Saturday, December 13, 2014

Window Shopping IV

Maybe it's because I don't celebrate Christmas, but it never feels like "the holidays" to me now unless I go see those famed holiday windows at Bergdorf Goodman. I've only missed one year so far (see my other entries from 2010, 2011 and 2013), and I have to say, now I know for sure it's just not the season until I stand on the corner of 58th Street and 5th Avenue with my hands and nose burning from the cold, waiting patiently for that single tourist to move out of the way so I can take a picture. And I really mean that, and with love, too. Once I've captured the department store's windows in all their glory, I know my trip home for the holidays isn't far off, so I don't mind the process at all.

In the swirl of Friday night traffic (foot and vehicle), I took my pictures of this season's windows, all themed in "The Arts" category. There were windows dedicated to each facet of the field--music, dance, film, painting, sculpture, photography, gastronomy, cartography, calligraphy, architecture, theatre and literature. As it is every year, it's an utter visual joy to see how the Bergdorf's staff interprets each of these subjects into a single window, the glamorous gowns and intricate details that go into all of them, be they cross-stitched portraits of myriad authors (the Literature window), to scads of paintbrushes, easels, and palettes all covered in white paint (Painting), to a glory of bright, shiny silver tubas behind a raven-haired mannequin clad in a nude, crystal-studded jumpsuit (Music), and an explosion of neon lights that were all handmade specifically for the window (Theatre). I'm not a fickle person by any means, but it seems like every year is my new favorite year of windows.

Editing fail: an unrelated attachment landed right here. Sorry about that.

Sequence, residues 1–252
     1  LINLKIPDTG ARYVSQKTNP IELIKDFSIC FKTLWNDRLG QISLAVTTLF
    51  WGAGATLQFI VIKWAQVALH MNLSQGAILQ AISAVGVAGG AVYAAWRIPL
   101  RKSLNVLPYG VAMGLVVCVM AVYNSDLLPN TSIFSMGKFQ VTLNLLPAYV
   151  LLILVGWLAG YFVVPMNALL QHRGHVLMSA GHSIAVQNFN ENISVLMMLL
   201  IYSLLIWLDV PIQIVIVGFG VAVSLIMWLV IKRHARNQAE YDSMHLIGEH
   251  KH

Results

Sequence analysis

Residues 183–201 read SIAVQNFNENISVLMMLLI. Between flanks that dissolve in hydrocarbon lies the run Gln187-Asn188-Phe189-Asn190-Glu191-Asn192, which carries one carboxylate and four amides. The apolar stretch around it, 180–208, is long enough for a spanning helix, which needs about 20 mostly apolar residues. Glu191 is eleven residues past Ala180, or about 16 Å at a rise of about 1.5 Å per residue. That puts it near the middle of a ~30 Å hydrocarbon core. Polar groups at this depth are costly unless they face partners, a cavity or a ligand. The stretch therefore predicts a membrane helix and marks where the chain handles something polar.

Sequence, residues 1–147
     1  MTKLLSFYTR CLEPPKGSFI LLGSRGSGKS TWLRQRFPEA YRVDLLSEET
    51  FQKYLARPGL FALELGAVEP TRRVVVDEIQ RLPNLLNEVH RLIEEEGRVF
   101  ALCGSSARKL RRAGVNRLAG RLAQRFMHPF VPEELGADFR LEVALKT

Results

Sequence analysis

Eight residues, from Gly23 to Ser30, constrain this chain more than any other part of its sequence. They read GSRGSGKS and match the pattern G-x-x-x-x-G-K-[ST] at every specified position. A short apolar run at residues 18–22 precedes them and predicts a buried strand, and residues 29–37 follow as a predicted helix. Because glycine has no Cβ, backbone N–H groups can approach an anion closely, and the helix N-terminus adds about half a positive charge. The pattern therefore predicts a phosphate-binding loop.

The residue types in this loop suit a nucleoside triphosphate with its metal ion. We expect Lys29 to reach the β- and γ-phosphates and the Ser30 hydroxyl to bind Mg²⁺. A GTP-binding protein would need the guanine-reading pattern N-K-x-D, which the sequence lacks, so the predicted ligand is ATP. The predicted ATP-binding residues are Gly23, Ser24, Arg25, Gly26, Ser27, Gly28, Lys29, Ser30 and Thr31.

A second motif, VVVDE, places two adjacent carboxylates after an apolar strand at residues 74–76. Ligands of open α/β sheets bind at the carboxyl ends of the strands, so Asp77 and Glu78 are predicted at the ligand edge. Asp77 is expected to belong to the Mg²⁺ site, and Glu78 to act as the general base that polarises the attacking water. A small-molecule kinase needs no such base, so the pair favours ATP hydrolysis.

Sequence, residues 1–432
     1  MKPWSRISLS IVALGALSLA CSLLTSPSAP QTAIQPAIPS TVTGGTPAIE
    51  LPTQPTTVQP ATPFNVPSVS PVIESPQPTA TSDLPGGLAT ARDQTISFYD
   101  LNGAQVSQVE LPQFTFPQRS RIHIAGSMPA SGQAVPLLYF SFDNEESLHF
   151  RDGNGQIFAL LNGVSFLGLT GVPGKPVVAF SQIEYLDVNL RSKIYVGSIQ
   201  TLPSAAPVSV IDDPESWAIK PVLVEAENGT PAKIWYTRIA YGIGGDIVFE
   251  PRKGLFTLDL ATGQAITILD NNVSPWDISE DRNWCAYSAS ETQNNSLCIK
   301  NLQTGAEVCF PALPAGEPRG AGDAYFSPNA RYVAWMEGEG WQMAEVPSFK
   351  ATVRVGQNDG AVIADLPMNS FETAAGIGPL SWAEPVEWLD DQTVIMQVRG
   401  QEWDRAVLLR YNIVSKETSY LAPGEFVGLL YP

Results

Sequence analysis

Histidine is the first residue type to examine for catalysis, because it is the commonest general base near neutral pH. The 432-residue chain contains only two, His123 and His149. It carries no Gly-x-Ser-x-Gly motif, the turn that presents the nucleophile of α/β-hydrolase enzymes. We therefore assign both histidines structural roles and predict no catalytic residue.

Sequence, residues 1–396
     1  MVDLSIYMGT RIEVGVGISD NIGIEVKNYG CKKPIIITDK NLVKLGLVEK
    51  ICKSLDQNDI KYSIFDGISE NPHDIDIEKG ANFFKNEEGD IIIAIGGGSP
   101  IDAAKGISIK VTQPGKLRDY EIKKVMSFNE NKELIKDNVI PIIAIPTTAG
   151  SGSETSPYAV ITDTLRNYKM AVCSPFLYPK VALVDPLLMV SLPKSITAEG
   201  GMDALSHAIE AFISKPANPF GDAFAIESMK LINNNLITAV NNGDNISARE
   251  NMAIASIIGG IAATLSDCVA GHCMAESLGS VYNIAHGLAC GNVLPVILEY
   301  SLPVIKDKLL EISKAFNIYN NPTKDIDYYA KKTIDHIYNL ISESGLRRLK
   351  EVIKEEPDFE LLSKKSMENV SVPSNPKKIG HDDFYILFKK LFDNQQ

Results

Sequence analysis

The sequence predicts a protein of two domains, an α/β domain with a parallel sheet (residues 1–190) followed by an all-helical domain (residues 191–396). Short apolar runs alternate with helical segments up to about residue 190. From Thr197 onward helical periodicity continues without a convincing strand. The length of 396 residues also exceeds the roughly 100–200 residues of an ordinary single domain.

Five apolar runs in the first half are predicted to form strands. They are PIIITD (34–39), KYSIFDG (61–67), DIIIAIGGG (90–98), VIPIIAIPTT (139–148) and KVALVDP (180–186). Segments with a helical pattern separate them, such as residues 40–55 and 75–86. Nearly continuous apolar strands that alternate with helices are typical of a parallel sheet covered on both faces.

In an interview on Bergdorf's blog, 58th and 5th, window designer David Hoey said of this year's constructions that "the entire set of windows would constitute a sort of eight-lesson course in art appreciation." Hoey also said the entire Literature window was made from needlepoint, soft sculpture and fabric, while the architecture window was only composed of paper and old blueprints. In reality, the entire design of the windows themselves is an art form, one I feel privileged to have seen and photographed for so many years. Take a look below at my photos from this year's windows extravaganza at Bergdorf Goodman, "The Arts." You can click to enlarge.